Adolph Heinrich Joseph Sutro was born in 1830, in Aachen, Prussia. After immigrating to the United States, he moved to San Francisco in 1850. After starting as a merchant, Sutro planned and promoted a tunnel that he designed to drain the water from the mines of the Comstock in Nevada. The Sutro Tunnel faced many obstacles, including a lack of funding and opposition by some miners. Its completion, in 1878, made Adolph Sutro a very wealthy man. This wealth allowed him to buy one-twelfth of the land mass of San Francisco. In 1881, he bought the Cliff House Restaurant, which was located on the city's beach. In 1892, Sutro developed the Sutro saltwater baths to provide an entertainment for the city's inhabitants. The baths officially opened to the public in 1896. After a fire destroyed the Cliff House, on December 25, 1894, he spent $50,000 of his own money to have it rebuilt. As a bibliophile, he gave his enormous library of books and manuscripts, many of which were in the Hebrew language, to the State of California. Sadly, more than half of this collection was destroyed in the 1906 San Francisco earthquake and fire. He also fought for good, cheap water, better mass transportation, and for the preservation of the environment. He made money as a real estate entrepreneur and later donated a great deal of his land to the city of San Francisco, including twenty-one acres that later became the site of the University of California, San Francisco's Medical Center. Sutro was sufficiently concerned about the politics of his day that he ran for and was elected mayor of San Francisco (1895-1896). He died a short time after he finished his single term. Though Sutro was not religious he maintained Jewish ties. At Sutro's funeral, the rabbi of San Francisco's Congregation Sherith Israel, Jacob Nieto, observed, "So long as one stone remains above the other in San Francisco... Sutro will be remembered as the one man who fearlessly fought against overwhelming odds to protect the rights of the people."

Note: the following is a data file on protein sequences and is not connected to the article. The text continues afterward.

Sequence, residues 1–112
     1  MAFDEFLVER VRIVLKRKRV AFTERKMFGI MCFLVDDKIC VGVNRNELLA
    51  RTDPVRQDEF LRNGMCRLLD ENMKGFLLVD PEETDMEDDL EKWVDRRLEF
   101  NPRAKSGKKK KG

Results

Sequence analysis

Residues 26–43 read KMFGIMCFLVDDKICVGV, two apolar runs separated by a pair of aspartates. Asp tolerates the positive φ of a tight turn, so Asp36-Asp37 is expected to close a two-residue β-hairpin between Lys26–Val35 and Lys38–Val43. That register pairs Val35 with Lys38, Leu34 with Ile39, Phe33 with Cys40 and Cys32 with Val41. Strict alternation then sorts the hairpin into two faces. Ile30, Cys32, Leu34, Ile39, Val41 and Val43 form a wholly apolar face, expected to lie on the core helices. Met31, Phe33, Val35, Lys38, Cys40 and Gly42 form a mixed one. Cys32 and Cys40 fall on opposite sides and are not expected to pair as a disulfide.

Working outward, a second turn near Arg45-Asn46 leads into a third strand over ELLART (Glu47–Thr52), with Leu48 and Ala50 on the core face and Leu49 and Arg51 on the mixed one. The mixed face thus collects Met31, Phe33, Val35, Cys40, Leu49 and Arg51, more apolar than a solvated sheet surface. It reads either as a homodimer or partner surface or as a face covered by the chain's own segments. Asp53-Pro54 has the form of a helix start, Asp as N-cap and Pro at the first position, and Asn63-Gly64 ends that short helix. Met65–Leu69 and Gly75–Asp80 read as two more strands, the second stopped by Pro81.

The collection contains biographical material on Adolph Sutro; personal documents such as Sutro's citizenship certificate; correspondence, including seven letters to Sutro from James Phelan, who succeeded Sutro as the mayor of San Francisco; ephemera from Sutro's 1894 campaign for mayor of San Francisco; financial documents and ephemera for the Sutro Tunnel project; tickets for the Sutro Baths as well as Sutro's 1894 patent for the design of the baths; a card from the Sutro Railroad Company; business and calling cards; pamphlets, including Sutro's letter to the University of California Regents in 1895 and a pamphlet produced for the dedication services of the Sutro Monument in 1887; a variety of personal financial records, including real estate tax records, checks, invoices from a range of nineteenth-century San Francisco businesses, receipts from Jewish organizations (such as the Eureka Benevolent Society), estate documents, and deeds; and photographs and pictorial materials. Most of the photographs are reproductions from other collections. Original photographic prints include one of the entrance to Sutro Heights (c. 1895). The oversize folder includes Comstock Tunnel Company bonds, Sutro's citizenship papers, property tax records, and a California Senate resolution to Adolph Sutro (1867). The oversize box in the collection contains a congratulatory book presented to Sutro by representatives of the City of Boston on the occasion of Sutro's election as Mayor in 1894.